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Time Inc. Said to Spurn a Takeover Approach

Published on .

Time Inc.'s headquarters in Lower Manhattan at 225 Liberty Street.
Time Inc.'s headquarters in Lower Manhattan at 225 Liberty Street. Credit: Courtesy Time Inc.
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Investors Edgar Bronfman Jr. and Ynon Kreiz made a takeover approach for Time Inc. in recent months, but were rebuffed by the iconic magazine publisher, according to a person familiar with the matter.

With the backing of Len Blavatnik's Access Industries, Mr. Bronfman and Mr. Kreiz floated an all-cash offer in the range of $18 to $20 a share, according to a letter reviewed by Bloomberg News. That Oct. 20 letter to the Time Inc. board outlined a resubmitted proposal for the New York-based publisher of Time, Sports Illustrated, Fortune and other famed magazine brands. The duo's bid would have represented a premium of as much as 37% over Time Inc.'s closing price Friday of $13.80.

The New York Post reported earlier Monday on the takeover bid for Time Inc.

The shares rose as much as 19% to $16.18 Monday, the most since the company's 2014 spinoff from Time Warner Inc.

Mr. Bronfman, Mr. Kreiz and Mr. Blavatnik have long histories together in the media and entertainment world. Mr. Bronfman, a managing partner of the private equity firm Accretive, was chairman of Warner Music Group, which is controlled by Blavatnik's Access Industries. Mr. Kreiz was formerly chief executive officer of online-video producer Maker Studios, which was sold to Walt Disney Co. in 2014. Both Mr. Bronfman and Mr. Kreiz serve on the Warner Music board.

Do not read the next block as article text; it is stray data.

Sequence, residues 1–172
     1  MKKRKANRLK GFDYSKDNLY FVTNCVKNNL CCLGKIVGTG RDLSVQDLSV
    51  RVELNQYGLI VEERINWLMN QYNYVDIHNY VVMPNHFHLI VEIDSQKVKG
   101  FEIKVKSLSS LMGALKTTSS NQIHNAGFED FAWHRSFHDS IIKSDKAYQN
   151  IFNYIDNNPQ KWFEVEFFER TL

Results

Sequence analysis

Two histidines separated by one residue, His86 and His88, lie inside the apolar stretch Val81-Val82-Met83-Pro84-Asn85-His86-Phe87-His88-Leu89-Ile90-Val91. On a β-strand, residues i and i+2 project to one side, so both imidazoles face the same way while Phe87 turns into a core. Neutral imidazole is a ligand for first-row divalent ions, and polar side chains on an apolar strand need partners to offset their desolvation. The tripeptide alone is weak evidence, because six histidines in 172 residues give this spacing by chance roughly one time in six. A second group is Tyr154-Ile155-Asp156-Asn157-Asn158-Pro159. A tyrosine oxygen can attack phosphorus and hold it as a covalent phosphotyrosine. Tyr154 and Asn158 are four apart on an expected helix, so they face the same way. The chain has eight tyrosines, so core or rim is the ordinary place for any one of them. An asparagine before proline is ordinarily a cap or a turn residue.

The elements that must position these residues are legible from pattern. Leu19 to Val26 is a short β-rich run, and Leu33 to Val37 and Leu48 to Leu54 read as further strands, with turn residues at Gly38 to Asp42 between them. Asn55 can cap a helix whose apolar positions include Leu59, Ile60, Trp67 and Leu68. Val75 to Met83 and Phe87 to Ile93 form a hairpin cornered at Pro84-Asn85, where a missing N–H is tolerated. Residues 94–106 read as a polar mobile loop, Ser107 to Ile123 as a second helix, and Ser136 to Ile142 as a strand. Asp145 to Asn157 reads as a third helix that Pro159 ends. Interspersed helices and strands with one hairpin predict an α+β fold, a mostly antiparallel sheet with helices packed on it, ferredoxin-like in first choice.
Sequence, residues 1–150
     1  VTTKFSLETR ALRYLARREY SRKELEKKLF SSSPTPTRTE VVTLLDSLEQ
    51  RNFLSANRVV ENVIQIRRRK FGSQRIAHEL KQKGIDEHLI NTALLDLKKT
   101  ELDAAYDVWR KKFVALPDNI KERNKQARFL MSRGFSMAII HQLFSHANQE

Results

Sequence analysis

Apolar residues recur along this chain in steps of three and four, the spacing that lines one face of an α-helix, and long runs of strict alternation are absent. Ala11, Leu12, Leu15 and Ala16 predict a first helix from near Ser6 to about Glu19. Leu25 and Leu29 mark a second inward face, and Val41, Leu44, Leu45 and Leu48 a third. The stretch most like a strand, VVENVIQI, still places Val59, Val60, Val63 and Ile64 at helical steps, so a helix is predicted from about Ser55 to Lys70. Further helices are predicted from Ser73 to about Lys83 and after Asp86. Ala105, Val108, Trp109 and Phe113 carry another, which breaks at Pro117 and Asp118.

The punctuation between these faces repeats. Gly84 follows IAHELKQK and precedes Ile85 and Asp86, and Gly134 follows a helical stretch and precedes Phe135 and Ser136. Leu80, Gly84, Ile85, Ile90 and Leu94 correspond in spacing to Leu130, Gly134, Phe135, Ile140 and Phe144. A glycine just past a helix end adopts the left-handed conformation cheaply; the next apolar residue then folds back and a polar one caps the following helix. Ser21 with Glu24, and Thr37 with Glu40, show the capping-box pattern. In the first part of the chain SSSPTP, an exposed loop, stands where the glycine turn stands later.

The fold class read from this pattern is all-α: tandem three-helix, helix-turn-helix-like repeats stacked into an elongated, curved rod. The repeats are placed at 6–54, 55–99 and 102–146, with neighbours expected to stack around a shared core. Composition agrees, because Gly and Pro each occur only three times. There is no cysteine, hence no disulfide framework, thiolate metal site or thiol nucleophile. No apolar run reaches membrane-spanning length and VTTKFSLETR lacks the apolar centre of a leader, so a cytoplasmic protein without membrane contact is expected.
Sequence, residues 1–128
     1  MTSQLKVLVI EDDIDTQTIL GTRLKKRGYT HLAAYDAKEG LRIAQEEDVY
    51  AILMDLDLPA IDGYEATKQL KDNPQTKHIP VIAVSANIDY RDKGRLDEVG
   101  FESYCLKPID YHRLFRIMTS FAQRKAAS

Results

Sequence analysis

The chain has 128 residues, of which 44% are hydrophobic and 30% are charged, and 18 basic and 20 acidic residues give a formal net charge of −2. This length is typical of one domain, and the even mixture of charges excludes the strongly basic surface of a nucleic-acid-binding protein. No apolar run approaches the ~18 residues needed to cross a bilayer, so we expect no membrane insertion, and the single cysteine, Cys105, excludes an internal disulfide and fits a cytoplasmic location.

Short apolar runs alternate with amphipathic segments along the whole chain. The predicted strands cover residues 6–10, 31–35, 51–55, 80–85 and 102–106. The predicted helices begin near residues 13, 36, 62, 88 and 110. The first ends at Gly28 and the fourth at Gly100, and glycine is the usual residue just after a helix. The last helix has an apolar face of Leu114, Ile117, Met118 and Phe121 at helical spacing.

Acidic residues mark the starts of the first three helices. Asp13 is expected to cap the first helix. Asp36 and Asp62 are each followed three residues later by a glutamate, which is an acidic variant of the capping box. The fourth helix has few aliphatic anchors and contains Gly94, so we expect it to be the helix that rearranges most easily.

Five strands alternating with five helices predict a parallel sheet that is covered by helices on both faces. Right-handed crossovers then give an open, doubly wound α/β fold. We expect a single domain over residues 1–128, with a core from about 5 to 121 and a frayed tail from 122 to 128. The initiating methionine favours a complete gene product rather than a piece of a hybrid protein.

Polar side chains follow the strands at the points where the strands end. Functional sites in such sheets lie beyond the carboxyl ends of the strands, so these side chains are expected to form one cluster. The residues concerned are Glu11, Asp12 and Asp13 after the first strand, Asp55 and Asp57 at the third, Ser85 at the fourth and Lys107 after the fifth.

The approach for Time Inc. comes as the publisher is struggling to reinvent itself for a digital world. Sometimes-activist investor Jana Partners acquired a stake in the company this year, prompting a management shakeup.

Under new CEO Rich Battista, the company is working to expand its online businesses, including streaming video, to reduce its dependence on print magazines, which are losing advertising clients to online publishers.

Time is also reorganizing how it sells advertising, aiming to boost revenue by creating more custom content for sponsors and making it easier for marketers to buy ads across its magazine portfolio. Such ads -- promotional content that's designed to look like editorial articles and videos -- have become the lifeblood of digital media companies like BuzzFeed and Vice Media.

Spokesmen for Time Inc., Access Industries and Jana Partners declined to comment.

-- Bloomberg News

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